Home > Papers from 2017 > The homing of social wasps

The homing of social wasps

As I have mentioned previously on here, we don’t get many wasp papers. However, here is one such paper. It shows that social wasps develop a strong visual familiarity with their surroundings. These surroundings are visually dense, and so this suggests a rich visual memory.

Abstract: We captured foragers of the tropical social wasp Ropalidia marginata from their nests and displaced them at different distances and directions. Wasps displaced within their probable foraging grounds returned to their nests on the day of release although they oriented randomly upon release; however, wasps fed before release returned sooner, displaying nest-ward orientation. When displaced to places far from their nests, thus expected to be unfamiliar, only a third returned on the day of release showing nest-ward orientation; others oriented randomly and either returned on subsequent days or never. When contained within mosquito- net tents since eclosion and later released to places close to their nests (but unfamiliar), even fed wasps oriented randomly, and only older wasps returned, taking longer time. Thus, contrary to insects inhabiting less-featured landscapes, R. marginata foragers appear to have thorough familiarity with their foraging grounds that enables them to orient and home efficiently after passive displacement. Their initial orientation is, however, determined by an interaction of the information acquired from surrounding landscape and their physiological motivation. With age, they develop skills to home from unfamiliar places. Homing behaviour in insects appears to be in influenced by evolutionarily conserved mechanisms and the landscape in which they have evolved.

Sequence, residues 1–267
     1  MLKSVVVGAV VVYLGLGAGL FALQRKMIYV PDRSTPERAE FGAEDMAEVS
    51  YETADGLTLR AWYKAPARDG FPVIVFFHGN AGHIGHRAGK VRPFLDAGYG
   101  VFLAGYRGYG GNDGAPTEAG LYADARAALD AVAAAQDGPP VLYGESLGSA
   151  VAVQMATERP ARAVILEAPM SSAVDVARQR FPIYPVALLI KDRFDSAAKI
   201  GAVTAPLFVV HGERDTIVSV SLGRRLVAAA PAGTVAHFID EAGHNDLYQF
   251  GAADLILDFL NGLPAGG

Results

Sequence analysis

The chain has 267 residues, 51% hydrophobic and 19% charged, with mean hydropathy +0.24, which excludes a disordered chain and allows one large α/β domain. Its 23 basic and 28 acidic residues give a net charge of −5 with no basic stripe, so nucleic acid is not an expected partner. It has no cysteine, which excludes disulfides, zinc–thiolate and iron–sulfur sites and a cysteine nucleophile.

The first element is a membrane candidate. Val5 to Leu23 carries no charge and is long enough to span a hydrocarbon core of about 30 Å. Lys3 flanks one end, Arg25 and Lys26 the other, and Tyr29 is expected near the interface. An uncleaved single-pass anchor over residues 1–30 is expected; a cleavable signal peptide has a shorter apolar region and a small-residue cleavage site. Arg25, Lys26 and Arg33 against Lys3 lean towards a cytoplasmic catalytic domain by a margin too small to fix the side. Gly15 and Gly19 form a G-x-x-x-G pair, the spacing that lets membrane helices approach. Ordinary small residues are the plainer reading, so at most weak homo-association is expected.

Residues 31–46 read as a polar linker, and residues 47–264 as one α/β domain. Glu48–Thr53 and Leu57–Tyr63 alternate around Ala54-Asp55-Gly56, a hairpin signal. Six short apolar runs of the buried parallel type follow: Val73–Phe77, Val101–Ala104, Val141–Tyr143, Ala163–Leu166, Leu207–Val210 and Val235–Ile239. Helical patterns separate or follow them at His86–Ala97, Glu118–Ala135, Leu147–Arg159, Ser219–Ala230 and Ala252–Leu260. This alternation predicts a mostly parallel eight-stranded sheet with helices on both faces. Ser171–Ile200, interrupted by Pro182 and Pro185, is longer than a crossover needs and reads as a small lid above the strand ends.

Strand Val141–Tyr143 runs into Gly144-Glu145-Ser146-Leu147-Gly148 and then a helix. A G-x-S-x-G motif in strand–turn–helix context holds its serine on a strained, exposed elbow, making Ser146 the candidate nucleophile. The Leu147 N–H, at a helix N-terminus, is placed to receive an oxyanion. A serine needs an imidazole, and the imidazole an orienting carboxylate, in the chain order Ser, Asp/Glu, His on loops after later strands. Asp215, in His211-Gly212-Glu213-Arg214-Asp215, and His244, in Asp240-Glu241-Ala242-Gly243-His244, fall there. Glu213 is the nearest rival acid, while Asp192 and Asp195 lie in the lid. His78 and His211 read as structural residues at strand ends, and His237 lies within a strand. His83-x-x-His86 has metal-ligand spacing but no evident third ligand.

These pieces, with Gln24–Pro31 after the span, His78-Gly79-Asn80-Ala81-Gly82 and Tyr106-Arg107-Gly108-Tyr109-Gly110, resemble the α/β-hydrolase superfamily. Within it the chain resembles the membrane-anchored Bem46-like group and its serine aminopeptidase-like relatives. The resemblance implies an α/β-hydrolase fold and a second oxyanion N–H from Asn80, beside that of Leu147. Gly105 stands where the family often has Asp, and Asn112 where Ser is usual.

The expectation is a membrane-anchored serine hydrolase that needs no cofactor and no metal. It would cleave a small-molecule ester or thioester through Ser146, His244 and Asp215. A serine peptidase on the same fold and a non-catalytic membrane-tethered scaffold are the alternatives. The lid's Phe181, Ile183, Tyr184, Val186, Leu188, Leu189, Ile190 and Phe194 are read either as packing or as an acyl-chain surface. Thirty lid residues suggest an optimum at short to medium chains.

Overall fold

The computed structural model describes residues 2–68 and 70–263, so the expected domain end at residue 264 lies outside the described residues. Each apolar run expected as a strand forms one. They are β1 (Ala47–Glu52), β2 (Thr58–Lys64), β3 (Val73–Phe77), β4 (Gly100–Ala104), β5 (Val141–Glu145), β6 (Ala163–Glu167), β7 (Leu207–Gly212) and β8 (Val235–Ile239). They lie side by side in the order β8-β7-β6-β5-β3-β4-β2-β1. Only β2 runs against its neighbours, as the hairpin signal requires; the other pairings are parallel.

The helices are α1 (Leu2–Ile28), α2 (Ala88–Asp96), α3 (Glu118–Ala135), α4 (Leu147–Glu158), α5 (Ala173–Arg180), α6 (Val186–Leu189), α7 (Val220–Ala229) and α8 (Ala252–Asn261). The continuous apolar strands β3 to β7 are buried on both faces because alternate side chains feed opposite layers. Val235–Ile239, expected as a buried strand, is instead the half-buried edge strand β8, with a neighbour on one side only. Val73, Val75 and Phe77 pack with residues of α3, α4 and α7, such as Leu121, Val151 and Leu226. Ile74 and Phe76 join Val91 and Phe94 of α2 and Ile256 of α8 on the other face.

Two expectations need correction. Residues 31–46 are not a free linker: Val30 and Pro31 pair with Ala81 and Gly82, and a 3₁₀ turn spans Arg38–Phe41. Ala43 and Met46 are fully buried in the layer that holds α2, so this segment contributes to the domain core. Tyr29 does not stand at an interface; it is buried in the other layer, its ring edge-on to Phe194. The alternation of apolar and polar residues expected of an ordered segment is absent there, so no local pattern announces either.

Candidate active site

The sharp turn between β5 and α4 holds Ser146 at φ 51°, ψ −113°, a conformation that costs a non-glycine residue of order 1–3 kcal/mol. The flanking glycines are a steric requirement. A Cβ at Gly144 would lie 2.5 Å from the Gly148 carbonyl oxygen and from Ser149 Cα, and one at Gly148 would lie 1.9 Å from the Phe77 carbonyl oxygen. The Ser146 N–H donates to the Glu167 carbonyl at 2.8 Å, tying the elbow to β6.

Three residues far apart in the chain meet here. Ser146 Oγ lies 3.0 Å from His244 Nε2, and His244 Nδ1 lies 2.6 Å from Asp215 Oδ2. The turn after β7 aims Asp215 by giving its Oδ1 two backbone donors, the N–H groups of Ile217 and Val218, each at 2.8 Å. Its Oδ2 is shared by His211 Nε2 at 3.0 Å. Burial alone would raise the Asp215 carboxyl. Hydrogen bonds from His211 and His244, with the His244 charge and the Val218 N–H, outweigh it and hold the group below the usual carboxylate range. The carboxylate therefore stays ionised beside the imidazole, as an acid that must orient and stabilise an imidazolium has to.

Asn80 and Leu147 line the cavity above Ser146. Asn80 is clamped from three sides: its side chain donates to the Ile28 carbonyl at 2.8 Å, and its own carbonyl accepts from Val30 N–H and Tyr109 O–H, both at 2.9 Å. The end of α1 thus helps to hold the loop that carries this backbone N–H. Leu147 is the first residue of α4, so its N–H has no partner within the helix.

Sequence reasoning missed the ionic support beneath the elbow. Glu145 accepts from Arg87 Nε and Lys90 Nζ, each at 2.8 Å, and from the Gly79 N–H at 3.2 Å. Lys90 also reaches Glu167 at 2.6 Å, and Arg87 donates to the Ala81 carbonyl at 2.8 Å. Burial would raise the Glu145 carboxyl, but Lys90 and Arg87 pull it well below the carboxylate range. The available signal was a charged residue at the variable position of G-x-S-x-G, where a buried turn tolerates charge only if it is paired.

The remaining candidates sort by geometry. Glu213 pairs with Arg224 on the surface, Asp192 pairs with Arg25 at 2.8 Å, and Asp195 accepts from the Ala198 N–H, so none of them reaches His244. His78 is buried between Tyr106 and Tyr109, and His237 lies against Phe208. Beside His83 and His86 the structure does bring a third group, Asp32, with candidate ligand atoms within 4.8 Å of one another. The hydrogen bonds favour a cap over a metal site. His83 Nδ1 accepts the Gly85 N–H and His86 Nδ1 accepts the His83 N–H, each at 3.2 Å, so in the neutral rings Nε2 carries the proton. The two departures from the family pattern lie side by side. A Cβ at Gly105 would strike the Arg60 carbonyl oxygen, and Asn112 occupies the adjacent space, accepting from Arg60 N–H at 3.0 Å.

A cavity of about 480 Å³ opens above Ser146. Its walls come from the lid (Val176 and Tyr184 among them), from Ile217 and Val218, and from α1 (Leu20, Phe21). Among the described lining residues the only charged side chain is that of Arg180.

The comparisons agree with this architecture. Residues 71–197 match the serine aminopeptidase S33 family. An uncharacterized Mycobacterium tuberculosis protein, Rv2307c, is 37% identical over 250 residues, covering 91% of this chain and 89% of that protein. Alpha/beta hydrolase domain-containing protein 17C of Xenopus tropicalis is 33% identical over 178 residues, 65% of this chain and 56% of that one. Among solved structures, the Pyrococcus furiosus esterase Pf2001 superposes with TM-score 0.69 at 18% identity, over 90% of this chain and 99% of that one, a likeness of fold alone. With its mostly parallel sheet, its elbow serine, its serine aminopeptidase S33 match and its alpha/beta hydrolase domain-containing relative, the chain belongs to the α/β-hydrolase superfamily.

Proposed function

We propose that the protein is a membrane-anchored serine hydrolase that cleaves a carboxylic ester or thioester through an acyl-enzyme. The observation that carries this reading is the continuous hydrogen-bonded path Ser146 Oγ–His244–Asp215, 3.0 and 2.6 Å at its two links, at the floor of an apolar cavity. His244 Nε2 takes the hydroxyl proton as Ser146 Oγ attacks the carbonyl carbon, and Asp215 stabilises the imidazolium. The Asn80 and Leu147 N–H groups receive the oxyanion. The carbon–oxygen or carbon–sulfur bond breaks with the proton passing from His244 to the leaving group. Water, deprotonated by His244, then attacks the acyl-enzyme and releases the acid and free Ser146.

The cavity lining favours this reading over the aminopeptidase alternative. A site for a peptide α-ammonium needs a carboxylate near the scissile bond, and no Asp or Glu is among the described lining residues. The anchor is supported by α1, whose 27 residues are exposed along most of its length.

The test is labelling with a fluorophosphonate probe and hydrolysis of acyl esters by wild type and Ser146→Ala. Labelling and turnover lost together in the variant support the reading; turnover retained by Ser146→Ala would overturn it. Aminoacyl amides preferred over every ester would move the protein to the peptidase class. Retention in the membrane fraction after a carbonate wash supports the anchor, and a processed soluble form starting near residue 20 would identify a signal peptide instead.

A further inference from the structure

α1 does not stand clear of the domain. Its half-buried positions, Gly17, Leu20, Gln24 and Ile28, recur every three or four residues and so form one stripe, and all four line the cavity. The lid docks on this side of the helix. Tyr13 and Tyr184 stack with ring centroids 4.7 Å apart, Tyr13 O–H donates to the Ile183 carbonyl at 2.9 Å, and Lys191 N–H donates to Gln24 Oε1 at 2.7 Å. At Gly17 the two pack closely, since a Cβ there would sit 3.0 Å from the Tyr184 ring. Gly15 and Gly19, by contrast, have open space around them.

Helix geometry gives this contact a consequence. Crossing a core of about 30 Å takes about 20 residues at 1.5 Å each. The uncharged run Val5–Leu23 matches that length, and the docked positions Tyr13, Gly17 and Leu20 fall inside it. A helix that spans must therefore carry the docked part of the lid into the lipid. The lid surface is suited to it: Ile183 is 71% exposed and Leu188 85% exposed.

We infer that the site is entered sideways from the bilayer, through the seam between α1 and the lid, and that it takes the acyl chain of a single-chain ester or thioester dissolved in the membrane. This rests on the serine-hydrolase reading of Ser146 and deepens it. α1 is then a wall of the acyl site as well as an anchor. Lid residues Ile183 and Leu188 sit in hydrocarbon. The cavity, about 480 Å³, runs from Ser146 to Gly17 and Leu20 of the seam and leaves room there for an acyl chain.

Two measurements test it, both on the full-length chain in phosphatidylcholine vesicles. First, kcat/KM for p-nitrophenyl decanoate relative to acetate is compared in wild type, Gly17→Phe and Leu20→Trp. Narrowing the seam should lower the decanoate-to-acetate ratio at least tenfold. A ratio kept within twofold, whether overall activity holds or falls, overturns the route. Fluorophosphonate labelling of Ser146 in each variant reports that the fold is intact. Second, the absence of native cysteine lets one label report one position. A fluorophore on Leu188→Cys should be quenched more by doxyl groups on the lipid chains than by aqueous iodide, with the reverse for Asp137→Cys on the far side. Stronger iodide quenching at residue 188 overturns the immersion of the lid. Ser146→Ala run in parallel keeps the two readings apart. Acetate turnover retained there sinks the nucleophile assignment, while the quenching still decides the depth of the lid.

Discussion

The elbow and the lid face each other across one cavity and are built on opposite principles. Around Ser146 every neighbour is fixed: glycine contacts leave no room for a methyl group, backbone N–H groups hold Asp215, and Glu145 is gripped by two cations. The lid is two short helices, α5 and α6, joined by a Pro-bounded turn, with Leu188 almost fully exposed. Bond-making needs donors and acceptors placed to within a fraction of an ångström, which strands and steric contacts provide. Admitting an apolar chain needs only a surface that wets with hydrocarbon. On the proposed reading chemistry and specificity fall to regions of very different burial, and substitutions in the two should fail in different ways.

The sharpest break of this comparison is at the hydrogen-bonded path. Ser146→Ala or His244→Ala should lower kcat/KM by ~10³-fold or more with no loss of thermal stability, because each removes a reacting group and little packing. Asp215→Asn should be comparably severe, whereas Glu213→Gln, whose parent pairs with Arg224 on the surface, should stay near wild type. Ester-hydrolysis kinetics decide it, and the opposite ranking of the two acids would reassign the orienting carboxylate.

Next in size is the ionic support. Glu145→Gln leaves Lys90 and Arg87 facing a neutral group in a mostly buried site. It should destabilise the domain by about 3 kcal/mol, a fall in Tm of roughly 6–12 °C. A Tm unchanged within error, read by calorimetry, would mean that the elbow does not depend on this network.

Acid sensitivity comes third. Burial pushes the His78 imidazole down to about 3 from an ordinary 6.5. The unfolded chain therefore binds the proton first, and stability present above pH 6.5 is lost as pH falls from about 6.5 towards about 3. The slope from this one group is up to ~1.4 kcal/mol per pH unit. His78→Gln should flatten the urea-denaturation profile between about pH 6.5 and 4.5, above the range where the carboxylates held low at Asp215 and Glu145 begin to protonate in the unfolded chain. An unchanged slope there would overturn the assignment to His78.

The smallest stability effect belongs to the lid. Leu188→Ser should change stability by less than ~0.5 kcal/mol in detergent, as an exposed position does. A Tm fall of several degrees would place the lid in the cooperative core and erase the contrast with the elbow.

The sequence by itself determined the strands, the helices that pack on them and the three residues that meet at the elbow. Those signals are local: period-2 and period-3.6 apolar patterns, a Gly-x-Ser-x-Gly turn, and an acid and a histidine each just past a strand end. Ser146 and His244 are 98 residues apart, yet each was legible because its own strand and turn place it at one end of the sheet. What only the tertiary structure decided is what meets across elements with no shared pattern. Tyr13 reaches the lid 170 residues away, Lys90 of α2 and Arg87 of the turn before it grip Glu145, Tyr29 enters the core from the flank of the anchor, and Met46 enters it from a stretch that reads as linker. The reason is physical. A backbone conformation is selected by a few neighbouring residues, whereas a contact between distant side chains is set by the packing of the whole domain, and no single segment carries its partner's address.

Mandal, S., Brahma, A., & Gadagkar, R. (2017). Homing in a tropical social wasp: role of spatial familiarity, motivation and age. Journal of Comparative Physiology A, 1-13.

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Categories: Papers from 2017
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